When onetime NFL coaches Pete Carroll of USC and Charlie Weis of Notre Dame were cranking up last week for the football game of the year — college or pro — Weis apparently confided to at least three newspaper reporters: "I own Pete Carroll."

But does he? I don't think so. I'd say Weis blew the game. On a pleasant Indiana day, before USC won dramatically, 34-31, he blew it by recurrently asking his running backs to play ball-control football in a losing effort to keep the Trojan offense off the field.

In pro football, what happened to Notre Dame in the USC game usually happens to running teams relying on ball-control tactics against good passing teams.

Weis learned the hard way that the same thing can also happen in college football.

For, clearly, it's all but impossible to successfully play ball control for 60 minutes against a quarterback like Matt Leinart when his pass offense is as sharp as USC's.

As some Notre Dame fans have suggested, the great flaw in Weis' reasoning is that he underrated his own pass offense. In his first year as Notre Dame coach, he's inherited one of the finest quarterbacks in college football, Brady Quinn, who played well enough against the Trojans to earn the Heisman Trophy if the Fighting Irish had won.

Quinn, obviously under orders to proceed cautiously, opened up but once. That time, after Reggie Bush's third masterful touchdown run had with only 5:09 left put USC ahead, 28-24, Quinn was authorized to come out passing for the first time in 55 minutes. And, shortly, his aggressive response overwhelmed the USC defense with a series of passes that were as spectacular as they were accurate. On a breathtakingly efficient 85-yard drive, Quinn in three minutes regained the lead for Notre Dame, 31-28.

As a pro coach at New England, Weis normally played that kind of aggressive football with quarterback Tom Brady to win three of the last four Super Bowls. And at South Bend, he has a leader who already rivals Brady as a passer. But for reasons that remain unclear, Weis chose to face Leinart the way he played Peyton Manning last year when he beat the Indianapolis Colts by keeping Manning off the field.

Weis' strategic approach in his first USC-Notre Dame game showed that he badly misread the USC quarterback. As of last year, Weis knew that Manning can be rattled. Too late, he knows now that Leinart can't.




Leinart's Winning Sneak Recalls Starr's

LEINART BEAT WEIS with two plays at the end of a grueling day for Leinart in which Weis' team beat him up but couldn't break him. The first of these decisive plays was the 61-yard deep sideline pass to Dwayne Jarrett — thrown on fourth and nine — that moved the Trojans into position for the tying field goal if Carroll had had any interest in that, which he hadn't.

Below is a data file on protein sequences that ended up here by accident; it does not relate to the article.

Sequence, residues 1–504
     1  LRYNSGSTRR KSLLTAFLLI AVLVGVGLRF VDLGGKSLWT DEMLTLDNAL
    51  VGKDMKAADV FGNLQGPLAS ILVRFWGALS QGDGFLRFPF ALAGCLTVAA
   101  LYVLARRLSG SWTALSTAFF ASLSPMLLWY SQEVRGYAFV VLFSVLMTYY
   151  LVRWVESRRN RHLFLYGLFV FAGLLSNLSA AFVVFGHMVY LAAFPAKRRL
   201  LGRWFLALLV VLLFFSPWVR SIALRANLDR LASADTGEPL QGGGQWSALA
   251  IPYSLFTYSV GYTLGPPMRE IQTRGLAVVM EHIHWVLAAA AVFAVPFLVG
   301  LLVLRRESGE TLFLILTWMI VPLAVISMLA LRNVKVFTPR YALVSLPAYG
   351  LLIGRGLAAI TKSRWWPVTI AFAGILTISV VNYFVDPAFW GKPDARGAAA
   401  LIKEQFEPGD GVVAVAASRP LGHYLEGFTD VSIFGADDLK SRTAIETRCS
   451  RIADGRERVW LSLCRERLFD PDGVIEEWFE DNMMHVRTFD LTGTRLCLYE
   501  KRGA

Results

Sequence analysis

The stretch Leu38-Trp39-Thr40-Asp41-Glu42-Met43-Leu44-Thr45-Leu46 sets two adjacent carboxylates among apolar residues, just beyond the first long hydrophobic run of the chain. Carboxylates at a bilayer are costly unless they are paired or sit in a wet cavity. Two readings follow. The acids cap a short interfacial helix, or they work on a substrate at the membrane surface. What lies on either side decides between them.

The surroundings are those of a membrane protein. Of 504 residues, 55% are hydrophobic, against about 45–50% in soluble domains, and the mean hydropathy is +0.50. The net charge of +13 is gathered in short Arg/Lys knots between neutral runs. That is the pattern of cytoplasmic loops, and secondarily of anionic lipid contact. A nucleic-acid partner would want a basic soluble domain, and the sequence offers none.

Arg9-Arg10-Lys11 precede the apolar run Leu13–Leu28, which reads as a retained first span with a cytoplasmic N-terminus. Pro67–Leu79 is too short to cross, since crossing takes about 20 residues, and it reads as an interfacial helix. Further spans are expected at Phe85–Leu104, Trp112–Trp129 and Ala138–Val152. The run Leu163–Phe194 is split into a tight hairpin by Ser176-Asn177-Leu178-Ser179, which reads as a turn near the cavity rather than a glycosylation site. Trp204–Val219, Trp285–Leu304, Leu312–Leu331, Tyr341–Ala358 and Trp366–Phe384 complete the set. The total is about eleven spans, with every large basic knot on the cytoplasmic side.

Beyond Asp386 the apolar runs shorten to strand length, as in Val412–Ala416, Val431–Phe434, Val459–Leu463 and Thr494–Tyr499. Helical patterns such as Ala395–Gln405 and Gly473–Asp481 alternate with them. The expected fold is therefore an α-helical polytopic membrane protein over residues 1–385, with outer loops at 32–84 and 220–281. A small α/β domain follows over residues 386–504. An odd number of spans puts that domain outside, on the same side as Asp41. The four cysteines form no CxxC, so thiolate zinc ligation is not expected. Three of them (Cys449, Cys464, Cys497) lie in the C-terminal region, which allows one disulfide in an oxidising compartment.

A long pass down the sideline was precisely the right call on that fourth-down play against that team at that moment, and a defining thing about Leinart is that he had the courage and aggressiveness to call it, at the end of a long, difficult game, in the noise and pressure created by a Notre Dame crowd that was there to rattle him.

The call illustrated, once more, that Leinart has an unusual football mind that works in suffocating pressure even when he's exhausted. For to get the right play into the biggest game he's played yet, he had to block out the noise from the Notre Dame fans and change a coach's call from the sideline. And of course Leinart's big pass illustrated that he has the arm to do what he should do and wants to do.

The more celebrated of Leinart's two winning plays was the touchdown-scoring quarterback sneak. It was reminiscent of Bart Starr's game-deciding sneak in the so-called Ice Bowl game nearly 40 years ago, when, like Pete Carroll, Green Bay Coach Vince Lombardi played not to tie but to win. To score, Leinart got an illegal but essential assist from Reggie Bush, who stormed up from his tailback position and shoved him across the goal line with both hands. The officials, watching the ball as well as the goal line, didn't see it.

So Leinart and Bush — who was unstoppable on touchdown runs of 36, 45 and nine yards — belong as the 2005 co-Heisman winners, if there's any way to do that. And if there were any way to lift USC's offensive team bodily into the NFL this year, it would improve at least half the clubs in pro football. None of them ever produced a game like Saturday's — most conspicuously when Quinn or Leinart was throwing or when Bush was running.




Steelers Super Team Only with Big Ben

THE PITTSBURGH STEELERS will go into their AFC North matchup at Cincinnati next Sunday in second place (by 1 1/2 games) to the division-leading Bengals, whose new quarterback, Carson Palmer, has done everything he had to do to beat five of the six middle-of-the-pack opponents he has encountered so far.

He couldn't bridge the Jacksonville defense a few weeks ago. Nor, in Week 6, could Pittsburgh — with backup Tommy Maddox at quarterback. When Big Ben Roethlisberger is out of the Pittsburgh lineup, as he was that day, the Steelers are just another parity team this year in the oh-so-even NFL.

The Jaguars not only carried the Steelers into overtime but beat them when an intercepted Maddox pass was returned for the winning touchdown, 23-17. Playing hurt, Maddox threw some sound passes but made some schoolboy plays. There were times in other years when Maddox seemed to be the answer for the Steelers. Not now. It's even less likely that third-stringer Charlie Batch is a savior.